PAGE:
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The Memo: #28 (170+ remote roles)
This will be the final newsletter for the year and we’ll get back at it after this in January. Instead of including all the job links in the email, I've added them to a publicly accessible Google Sheet (link below). I may revert back to including all the job links in the email moving forward.
Thank you to everyone that’s subscribed, shared this newsletter, and written in over the past few months to offer praise and feedback for this weird community of remote workers and makers that I’m building. And big thank you to everyone that’s supported the newsletter & community financially.
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Special offer for The Memo readers: get a discount of up to $500! Browse Codeworks courses through their website and apply through this link to get the discount (offer valid until January 31, 2020, for students who choose the upfront payment option)
Submit your project!
As previously mentioned, I’m taking all of the funds from the Codeworks sponsorship and putting it towards someone in the community building a side-project. While it’s not a whole lot – $100 – if you’re project is chosen you can use the funds however you see fit to advancing your side-project. Details:
Friends, family, and anyone else with a personal connection to me or anyone working on the newsletter will be ineligible.
The only thing I’ll ask of the selected project is to either Tweet regularly over the course of a month about the progress that they’re making, or, alternatively, write a short blog post at the end of the month about their progress and next steps.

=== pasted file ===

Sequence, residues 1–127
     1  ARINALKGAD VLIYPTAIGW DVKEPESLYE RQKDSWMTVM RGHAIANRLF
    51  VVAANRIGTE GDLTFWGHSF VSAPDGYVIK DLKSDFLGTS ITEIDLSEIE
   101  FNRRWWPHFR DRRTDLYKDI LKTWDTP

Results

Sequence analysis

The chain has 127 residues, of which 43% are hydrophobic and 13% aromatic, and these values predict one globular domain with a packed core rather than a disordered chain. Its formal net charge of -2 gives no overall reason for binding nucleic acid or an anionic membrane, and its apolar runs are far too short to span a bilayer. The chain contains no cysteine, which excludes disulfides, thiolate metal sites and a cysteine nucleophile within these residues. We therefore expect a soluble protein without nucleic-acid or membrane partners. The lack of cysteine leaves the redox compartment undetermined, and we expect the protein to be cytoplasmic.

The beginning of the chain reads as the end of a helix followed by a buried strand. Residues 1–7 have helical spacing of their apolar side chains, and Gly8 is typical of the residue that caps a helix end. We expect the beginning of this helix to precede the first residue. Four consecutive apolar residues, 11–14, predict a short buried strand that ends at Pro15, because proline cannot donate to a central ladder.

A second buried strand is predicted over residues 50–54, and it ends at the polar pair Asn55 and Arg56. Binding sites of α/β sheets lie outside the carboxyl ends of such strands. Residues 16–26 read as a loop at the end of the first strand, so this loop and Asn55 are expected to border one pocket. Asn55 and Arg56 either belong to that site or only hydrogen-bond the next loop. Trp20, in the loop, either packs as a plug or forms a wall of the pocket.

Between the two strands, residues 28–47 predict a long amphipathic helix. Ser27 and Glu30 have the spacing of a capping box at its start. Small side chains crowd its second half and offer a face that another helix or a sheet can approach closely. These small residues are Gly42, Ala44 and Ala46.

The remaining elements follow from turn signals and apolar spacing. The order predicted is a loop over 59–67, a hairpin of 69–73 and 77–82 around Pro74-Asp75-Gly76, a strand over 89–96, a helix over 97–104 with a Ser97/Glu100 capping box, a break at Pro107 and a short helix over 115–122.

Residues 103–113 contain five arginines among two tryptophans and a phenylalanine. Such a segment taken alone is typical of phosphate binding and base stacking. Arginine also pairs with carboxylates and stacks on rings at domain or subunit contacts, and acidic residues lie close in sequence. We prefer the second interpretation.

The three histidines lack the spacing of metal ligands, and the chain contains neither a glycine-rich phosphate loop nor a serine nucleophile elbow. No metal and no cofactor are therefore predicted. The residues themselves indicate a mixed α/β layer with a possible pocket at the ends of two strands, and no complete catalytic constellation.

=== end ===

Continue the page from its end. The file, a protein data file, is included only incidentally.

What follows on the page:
I’ll pick a project in early January and anyone is open to submit their project for consideration here:
I’ll announce the selected project here and on Twitter. Follow me on Twitter to keep an eye out.
Have a look at the Codeworks website, if you’re thinking about picking up coding, use this link to sign up.
This whole newsletter and community has been an experiment, and so my hope is that since we’re member-funded, we can use sponsorship funds to test out a way of supporting side projects.
Questions, comments, concerns: email me.
Tips on writing a better CV
I’ve seen dozens of CVs at this point, and so I thought I’d share some thoughts about what to look out for. I plan on fleshing these points out a little more for a blog post.
Use a standard design format. If you’re not designer, don’t try to reinvent the wheel.
Make sure that there aren’t design inconsistencies. Bullet points with dashes in some places and dots in others is just one example.
Grammar. Can be a deal breaker.
Demonstrate the impact that you’ve had in each bullet point with numbers. This is a big one. Instead of simply saying oversaw this function of the business, your bullet points should demonstrate the impact that you’ve had with tangible numbers. Increased revenue by X% because of X, Y, Z strategies.
Less is (almost always) more. Fight the need to pack every inch of the CV with information; it makes very difficult to read for someone that’s just scanning.